The MRC d’Argenteuil has proposed an $11.5 million project to bring in a fibre optic network for reliable high speed Internet for its residents. It’s hoping to cover $9.5 million of that through two government grant programs, namely Connect to Innovate from the feds and Québec Branché.
“The project is a little expensive,” says Frédérick Jones, a senior analyst with the MRC. “That’s because all the infrastructure to eventually bring in cable and landlines has been included as well.”
Making a connection
A large part of the remaining $2 million would go towards establishing a not-for-profit organization that would become the service provider and would be managed by the MRC.
“The mayors took it upon themselves instead of waiting for large telecom companies,” says Jones.
He adds that the current plan has the not-for-profit making money after five or six years, which would then be re-invested to grow the network.
However, all of this is dependent on the other parts of the project receiving grant money.
“We targeted areas where it would be profitable to have a fibre optic network,” says Jones.
Those areas include the better part of Harrington, Wentworth and Milles-Isles, and touches the northern part of Brownsburg-Chatham, as well as a bit of Lachute.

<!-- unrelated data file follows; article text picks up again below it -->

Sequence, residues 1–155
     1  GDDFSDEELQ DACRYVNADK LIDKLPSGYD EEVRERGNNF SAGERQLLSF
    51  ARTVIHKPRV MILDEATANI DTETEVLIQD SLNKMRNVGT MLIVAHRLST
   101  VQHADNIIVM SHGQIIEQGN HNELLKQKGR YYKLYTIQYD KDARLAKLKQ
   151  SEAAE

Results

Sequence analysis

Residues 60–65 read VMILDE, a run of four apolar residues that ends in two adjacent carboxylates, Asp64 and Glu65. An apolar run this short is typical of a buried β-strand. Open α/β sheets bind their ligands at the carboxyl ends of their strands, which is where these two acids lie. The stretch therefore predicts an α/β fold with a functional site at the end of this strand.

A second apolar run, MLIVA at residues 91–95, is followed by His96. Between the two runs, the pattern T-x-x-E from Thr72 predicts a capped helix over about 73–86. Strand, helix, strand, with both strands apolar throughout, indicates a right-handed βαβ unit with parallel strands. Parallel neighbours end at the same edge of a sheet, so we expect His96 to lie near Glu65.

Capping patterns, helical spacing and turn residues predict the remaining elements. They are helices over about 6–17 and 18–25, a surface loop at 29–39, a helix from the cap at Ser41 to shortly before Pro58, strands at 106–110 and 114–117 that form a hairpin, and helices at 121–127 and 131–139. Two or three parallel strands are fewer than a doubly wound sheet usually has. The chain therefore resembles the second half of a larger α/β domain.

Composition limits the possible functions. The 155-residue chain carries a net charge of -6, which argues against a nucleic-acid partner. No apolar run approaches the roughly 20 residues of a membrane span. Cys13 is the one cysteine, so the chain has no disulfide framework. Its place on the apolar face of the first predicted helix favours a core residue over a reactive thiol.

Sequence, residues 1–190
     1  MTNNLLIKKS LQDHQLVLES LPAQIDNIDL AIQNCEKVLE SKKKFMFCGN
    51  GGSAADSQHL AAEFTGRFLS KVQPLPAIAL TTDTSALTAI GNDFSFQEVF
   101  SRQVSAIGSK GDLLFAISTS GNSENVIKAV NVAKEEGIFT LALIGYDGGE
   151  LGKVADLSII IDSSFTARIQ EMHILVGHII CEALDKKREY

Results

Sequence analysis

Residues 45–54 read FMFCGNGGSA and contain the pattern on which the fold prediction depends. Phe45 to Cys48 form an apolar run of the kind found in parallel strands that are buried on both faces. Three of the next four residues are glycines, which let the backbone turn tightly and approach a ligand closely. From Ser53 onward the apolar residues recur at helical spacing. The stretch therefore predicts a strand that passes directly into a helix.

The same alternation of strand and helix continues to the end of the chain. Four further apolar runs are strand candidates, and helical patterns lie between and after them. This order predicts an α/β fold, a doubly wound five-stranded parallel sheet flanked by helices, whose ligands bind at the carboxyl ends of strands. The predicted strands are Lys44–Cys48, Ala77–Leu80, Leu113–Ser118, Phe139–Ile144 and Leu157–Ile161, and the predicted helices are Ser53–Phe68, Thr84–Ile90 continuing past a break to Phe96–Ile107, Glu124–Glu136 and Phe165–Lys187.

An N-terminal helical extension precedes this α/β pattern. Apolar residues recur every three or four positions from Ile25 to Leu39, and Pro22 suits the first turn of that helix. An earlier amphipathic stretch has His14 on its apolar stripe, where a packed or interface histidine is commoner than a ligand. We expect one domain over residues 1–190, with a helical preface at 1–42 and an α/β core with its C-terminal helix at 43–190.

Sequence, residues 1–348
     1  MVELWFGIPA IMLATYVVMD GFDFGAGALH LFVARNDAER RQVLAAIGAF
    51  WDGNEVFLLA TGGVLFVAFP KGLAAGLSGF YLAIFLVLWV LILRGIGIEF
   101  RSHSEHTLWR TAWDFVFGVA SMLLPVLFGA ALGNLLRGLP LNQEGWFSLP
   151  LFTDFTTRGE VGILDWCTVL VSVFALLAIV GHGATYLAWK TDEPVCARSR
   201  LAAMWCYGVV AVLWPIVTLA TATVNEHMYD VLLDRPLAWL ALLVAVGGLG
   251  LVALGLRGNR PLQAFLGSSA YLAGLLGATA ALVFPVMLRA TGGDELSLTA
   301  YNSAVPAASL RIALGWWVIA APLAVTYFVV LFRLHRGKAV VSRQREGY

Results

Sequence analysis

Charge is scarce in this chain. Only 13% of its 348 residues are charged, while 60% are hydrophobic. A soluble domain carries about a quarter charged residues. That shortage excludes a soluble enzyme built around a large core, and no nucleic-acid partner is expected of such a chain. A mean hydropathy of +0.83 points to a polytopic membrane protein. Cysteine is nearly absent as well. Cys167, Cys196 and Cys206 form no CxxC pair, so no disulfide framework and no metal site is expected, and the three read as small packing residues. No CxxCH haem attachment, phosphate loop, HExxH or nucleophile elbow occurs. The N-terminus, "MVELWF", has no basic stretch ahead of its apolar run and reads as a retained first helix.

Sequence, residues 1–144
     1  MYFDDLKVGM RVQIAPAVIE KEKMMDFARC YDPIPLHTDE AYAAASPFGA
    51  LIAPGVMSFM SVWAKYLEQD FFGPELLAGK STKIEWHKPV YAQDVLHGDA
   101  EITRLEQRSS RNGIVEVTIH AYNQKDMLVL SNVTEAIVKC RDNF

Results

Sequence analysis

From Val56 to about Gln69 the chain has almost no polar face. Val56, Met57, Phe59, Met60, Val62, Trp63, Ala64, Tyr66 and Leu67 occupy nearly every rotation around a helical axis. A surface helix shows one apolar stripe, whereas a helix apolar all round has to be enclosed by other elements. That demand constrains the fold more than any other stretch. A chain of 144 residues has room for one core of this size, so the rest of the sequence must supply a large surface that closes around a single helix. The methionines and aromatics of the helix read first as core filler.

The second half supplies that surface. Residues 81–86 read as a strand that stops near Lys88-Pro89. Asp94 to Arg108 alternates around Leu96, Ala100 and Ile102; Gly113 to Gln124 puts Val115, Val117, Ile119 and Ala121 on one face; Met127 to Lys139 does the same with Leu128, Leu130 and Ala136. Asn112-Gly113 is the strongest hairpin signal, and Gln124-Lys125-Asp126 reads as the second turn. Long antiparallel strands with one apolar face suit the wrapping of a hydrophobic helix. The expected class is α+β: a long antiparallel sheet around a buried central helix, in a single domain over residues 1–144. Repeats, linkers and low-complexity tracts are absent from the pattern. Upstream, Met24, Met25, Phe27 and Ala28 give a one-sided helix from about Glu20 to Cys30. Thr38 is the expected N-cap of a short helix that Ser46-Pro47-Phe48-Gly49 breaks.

According to Jones, the plan mostly focuses on the northern part of the MRC because DERYtelecom has shown interest in providing services to the South.
While he shies away from calling the relationship between the MRC and DERYtelecom a partnership, he says the MRC was a “facilitator” when it came to providing information for the company’s service proposal. In exchange, the telecom offered stats and suggested equipment to be used in the MRC’s plan.
DERYtelecom has owned the network in the southern part of Argenteuil since 2014, after purchasing it from Eastlink.
Jones says the results from an open survey in March about internet speed is an integral piece of the grant application.
The application includes maps and data acquire through nearly 800 usable survey responses.
“We had to show that these regions either weren’t serviced or had poor service for high speed Internet,” says Jones.
Through nearly 800 survey responses, the MRC mapped and built a database to do just that.
While Jones says there were no real surprises in the results—larger urban centers indeed have better internet access—they solidify the current portrait of the territory.
“Now we know exactly the download speed in specific areas,” he adds.
Without the survey responses, Jones says the MRC may as well not even apply for funding.
“It’s an integral piece. Without it, I think we would have started with a strike or two against us.”
The MRC expects to have an answer to its application near the end of summer, or early fall. If its project is accepted, Jones says work will start next year.
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